“You guess correctly,” Martina whispers.

My mouth drops open in shock. “No. No,” I say again when she turns back to me. “They wouldn’t. Spousal benefits—”

“Are for Seminole widows, Michael,” she says.

Speechless, I spin to Burke. He nods, jaw clenched, lips twisted into a grimace. “Matthew?” I whisper. “No. That can’t be true.”

“She’s not tribe, Micco.”

My stomach turns over. There is so much wrong with that statement, with that idea, that I feel physically ill. “That’s unfair.”

“I’m not saying it’s fair,” he grumbles. “Only that it’s true.”

True, but also wrong. The world is full of such contradictions. Until today, they felt far away and nebulous.

“Nearly twenty years I gave to this place,” Martina says, voice low, expression deadpan. “My partner gave his life. When he got sick, do you remember, Michael? With Covid? He wouldn’t stop working. Wouldn’t stop spending hours here every day, because he said the wolves needed him.” Now she lifts her face to me, and it’s twisted with so much pain that I catch my breath. “I needed him too,” she says with a moan. “I needed him. And then he died.”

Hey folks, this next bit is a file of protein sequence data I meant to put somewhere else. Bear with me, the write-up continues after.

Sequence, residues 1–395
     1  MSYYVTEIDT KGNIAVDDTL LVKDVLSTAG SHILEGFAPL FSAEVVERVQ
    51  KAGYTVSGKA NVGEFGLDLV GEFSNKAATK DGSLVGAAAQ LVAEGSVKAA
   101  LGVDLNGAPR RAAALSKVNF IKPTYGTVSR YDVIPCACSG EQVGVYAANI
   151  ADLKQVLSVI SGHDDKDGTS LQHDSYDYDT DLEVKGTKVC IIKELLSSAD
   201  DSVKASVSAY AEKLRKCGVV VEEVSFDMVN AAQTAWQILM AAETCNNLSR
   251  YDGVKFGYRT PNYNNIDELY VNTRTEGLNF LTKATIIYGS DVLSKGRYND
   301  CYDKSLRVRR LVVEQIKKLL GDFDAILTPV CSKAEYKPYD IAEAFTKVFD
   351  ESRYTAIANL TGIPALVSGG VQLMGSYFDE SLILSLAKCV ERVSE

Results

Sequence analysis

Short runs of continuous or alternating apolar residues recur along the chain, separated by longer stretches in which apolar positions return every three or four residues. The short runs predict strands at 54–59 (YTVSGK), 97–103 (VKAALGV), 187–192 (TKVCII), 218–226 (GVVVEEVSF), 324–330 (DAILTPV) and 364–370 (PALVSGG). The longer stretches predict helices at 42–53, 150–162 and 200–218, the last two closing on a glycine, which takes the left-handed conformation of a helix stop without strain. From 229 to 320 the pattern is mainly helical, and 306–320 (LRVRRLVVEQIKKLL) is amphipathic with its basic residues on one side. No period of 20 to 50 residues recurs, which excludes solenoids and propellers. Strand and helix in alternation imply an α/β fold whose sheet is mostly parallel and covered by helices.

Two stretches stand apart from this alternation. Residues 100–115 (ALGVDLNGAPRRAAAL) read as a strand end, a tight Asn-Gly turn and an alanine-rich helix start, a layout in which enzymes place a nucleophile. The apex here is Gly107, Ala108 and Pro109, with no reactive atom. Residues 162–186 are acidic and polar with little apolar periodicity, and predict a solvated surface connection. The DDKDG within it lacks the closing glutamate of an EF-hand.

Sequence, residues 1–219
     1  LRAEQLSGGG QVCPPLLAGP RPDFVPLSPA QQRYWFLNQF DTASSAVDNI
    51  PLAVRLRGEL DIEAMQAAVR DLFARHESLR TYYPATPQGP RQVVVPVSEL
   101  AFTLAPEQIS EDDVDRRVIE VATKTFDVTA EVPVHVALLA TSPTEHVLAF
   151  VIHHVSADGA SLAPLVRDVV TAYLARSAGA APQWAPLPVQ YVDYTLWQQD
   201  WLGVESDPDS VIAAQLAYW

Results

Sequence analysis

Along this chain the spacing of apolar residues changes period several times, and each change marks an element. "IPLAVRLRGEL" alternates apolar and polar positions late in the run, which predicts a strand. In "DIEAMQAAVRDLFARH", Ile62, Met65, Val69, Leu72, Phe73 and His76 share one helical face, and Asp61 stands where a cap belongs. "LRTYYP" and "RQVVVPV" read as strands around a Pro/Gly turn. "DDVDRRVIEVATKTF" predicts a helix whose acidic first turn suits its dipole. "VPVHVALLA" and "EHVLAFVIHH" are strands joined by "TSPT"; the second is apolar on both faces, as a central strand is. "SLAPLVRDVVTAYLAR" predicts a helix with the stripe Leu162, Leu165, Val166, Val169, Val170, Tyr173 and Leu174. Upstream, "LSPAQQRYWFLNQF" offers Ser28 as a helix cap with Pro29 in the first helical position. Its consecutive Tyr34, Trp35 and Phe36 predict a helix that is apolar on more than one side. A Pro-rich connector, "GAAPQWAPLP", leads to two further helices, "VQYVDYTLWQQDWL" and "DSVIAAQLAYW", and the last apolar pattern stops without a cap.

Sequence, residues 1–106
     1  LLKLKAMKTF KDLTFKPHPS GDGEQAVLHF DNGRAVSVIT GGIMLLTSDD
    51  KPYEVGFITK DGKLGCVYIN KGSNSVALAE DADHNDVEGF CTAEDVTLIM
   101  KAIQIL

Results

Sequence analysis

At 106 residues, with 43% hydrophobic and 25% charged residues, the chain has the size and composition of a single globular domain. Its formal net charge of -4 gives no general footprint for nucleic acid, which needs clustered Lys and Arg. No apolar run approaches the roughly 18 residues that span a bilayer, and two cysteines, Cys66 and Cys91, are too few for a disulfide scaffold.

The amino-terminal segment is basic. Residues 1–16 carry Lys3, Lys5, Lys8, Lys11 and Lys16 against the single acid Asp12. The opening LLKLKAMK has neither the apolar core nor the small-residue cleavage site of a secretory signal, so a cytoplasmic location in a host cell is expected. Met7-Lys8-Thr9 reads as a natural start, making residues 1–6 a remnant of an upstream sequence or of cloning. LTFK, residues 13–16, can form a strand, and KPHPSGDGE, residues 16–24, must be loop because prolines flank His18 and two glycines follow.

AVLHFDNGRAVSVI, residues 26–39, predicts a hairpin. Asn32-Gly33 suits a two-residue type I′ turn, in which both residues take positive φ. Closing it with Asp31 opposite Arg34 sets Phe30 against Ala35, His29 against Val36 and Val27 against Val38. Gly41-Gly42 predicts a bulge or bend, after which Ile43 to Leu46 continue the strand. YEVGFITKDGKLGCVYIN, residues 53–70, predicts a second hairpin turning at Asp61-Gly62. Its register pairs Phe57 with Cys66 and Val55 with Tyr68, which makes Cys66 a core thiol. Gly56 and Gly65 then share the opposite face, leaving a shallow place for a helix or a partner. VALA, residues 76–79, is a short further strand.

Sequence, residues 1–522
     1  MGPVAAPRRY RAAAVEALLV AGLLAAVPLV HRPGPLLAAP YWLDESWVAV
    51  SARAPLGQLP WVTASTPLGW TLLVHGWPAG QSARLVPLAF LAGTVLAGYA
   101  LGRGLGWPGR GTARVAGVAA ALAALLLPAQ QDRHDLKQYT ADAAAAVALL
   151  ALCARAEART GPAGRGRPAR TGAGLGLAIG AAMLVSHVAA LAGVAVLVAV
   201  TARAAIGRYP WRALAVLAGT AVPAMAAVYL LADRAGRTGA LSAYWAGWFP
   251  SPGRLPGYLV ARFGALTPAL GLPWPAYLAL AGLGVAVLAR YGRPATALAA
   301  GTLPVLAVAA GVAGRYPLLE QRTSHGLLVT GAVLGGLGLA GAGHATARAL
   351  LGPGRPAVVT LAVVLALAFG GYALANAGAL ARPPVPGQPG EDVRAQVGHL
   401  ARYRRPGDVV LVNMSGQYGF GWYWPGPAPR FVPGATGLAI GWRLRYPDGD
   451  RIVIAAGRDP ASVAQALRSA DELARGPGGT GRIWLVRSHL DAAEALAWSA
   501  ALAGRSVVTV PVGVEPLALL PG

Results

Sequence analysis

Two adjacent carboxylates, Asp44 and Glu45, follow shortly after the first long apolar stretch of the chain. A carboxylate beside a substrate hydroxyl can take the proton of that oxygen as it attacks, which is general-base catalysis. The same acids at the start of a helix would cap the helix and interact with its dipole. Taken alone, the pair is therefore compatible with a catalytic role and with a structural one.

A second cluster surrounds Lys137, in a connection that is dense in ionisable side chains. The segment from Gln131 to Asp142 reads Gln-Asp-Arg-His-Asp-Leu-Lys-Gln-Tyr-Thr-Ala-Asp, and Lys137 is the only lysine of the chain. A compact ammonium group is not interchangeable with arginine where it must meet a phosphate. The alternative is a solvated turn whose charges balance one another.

Oh honey, I think, because voicing anything just now is beyond me.

“When the tribe cut me off, I tried to make it work. I… drummed up donations. Took out personal loans. Sold the few things of any worth that Jacob and I had collected together. But it wasn’t enough.”

Still, nobody speaks. Nobody offers commiseration or sympathy. Which, looking at Martina, I realize she doesn’t expect, want, or need. She’s in her own head, drowning in a pool of grief that time still hasn’t drained.

“Then,” Martina continues, “Charlotte came to me about her illness. About what she wanted to do with her estate when the cancer took her.” She inhales a shaky breath, but her tone takes a hard edge. “And that’s when I knew exactly what I had to do.”



Copyright © 2023 Libby Drew; All Rights Reserved.
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I hope you enjoyed the chapter.